Similar with Kryptonex puzzles, a timer starts to count up when you’re doing a Crystallization puzzle. Mistakes will result in the addition of 30 seconds to your current time. You can also use some of Superman’s powers with these puzzles. Super speed also stops the timer for a few seconds. Freeze breath will allow you to light up any square of your choice. And the most useful power here is the Heat Vision, which will replace all of your three Crystals with new ones.
The So-Called Epic Battles
Superman Returns: Fortress of Solitude isn’t limited to puzzles. This game also has some, ahem, action sequences. The game refers to these sequences as Epic Battles, but I think the developers should look up the definition of the word epic in the dictionary. Occasionally, one of Superman’s villains (either Metallo, Mongul, Parasite, or Mister Mxyzpltk) will try to bother you.
Well, their henchmen will. Regardless of shape, they all move and behave the same way. You’ll need to fight them off while flying in side-scrolling shooting levels. In these sequences, you’ve got your Freeze Breath and Heat Vision.
You need to look at the enemies to see which attack will work on them. Red enemies are weak to the Freeze Breath, and blue enemies are weak to Heat Vision. When you take out a group of these enemies, they’ll leave behind a Crystal of the same color. If you don’t pick these Crystals up right away, they’ll change to the opposite color.
If you manage to get the required number of Crystals, you’ll get treated to still images with Superman winning. If you lose, you’ll see images of him losing. These sequences are quite easy and very short, so I don’t expect anyone having too much trouble with them. I’m not sure if these Epic battles have any effect on the outcome of the game, since they don’t count as cylinders in the game’s chapters.
A Final Puzzle
Once you’ve solved all the puzzles in all of the chapters of Superman Returns: Fortress of Solitude and revealed all of Superman’s memories, you’ll need to overcome one final challenge. And I’ll admit, I wasn’t able to solve this one. Not because it’s hard, I just don’t want to put the effort in. Well, let’s have Jor-El explain this himself.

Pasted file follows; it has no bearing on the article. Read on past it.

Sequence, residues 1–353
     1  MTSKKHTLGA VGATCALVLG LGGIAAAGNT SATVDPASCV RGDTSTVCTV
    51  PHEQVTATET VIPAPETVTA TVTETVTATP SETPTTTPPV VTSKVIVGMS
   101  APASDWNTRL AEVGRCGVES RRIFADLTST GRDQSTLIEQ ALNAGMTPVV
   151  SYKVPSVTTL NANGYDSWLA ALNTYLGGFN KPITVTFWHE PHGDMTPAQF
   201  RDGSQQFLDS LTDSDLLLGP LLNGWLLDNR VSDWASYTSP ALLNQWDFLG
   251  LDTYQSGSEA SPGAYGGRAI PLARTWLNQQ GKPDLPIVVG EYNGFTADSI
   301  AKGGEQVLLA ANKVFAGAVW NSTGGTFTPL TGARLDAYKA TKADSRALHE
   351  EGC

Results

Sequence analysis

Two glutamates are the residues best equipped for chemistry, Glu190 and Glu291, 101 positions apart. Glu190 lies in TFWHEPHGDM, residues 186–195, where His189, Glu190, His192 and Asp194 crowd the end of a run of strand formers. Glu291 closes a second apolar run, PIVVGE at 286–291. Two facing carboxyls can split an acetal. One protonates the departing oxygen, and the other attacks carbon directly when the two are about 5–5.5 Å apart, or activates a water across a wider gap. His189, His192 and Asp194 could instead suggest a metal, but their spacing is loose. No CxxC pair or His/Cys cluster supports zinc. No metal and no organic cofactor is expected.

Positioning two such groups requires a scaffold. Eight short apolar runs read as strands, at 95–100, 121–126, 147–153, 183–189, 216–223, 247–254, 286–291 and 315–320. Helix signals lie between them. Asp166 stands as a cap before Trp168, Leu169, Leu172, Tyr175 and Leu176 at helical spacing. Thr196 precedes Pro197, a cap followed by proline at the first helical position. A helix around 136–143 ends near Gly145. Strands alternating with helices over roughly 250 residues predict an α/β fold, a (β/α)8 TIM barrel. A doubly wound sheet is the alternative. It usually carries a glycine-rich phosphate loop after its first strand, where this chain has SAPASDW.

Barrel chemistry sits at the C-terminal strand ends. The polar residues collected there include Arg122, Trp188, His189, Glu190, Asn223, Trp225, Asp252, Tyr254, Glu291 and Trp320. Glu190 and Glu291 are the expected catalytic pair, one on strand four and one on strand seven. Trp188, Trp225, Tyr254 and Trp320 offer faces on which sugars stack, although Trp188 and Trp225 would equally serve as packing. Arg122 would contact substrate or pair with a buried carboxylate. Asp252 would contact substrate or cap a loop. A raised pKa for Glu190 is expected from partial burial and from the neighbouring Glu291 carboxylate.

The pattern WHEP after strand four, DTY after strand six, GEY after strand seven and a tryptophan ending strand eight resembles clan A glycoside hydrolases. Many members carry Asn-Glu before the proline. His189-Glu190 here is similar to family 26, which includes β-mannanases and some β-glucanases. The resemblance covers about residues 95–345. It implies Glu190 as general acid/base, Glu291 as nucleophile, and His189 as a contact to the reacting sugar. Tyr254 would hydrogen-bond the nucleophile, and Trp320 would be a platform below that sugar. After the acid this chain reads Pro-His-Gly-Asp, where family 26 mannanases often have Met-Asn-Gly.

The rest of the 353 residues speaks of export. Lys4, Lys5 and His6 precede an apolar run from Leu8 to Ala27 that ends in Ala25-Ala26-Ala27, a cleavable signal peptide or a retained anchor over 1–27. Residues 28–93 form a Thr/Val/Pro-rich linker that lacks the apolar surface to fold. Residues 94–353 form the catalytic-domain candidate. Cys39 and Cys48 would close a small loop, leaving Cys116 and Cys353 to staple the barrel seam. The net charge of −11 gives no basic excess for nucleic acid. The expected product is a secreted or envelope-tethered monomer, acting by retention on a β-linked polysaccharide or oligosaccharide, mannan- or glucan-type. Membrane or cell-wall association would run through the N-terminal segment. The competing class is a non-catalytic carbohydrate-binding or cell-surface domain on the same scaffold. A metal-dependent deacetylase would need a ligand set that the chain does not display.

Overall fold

In case the images don’t load, Jor-El is telling us to arrange the memories that we’ve unlocked in chronological order. And Jor-El, why would we want to do that?
If we arrange these memories in the correct order, “new secrets” will be unlocked. This sounds easy, but Superman Returns came out in 2006. I don’t remember much of what happened in that film. And I’m not interested in watching it again. I tried referring to several different detailed summaries of the movie but those weren’t enough. There aren’t any walkthroughs or guides available online for this game.
And I’ve watched four people upload gameplay footage of them trying to solve this part, only for nothing to happen. One of them was even skimming through the movie while playing this game. And even though he was convinced that he had the right order, nothing happened. If you do decide to try this game, you can stake claim to solving this final challenge if you succeed. I didn’t, and even though I’m tempted to try, the temptation isn’t strong enough to make me want to sit through the movie.
As a puzzle game, Superman Returns: Fortress of Solitude is okay, but somewhat lacking. Both puzzle types were quite fun, and I think this game made me better at solving Sudoku puzzles. Switching from numbers to colored crystals definitely made it easier for me to spot patterns. I wish there was a third puzzle type, instead of those side scrolling shooter levels that really feel out of place.
But seriously, when you pick up a video game with the name Superman on the box, are you expecting a puzzle game? I empathize with the kid who received this as a gift from well-meaning parents or grandparents. Imagine being in the shoes of that kid, watching the movie, opening your presents, loading this game, and then finding out that there’s very little action in it.
Fans of Sudoku puzzles may find some enjoyment with this title. At this point though, there might be a ton of better options for them. I don’t think even hardcore Superman fans are going to have fun with this game. Unless they like puzzles too. I like puzzles, but I really had to drag myself in getting to this game’s finish line simply because puzzles aren’t what I expect from a Superman game.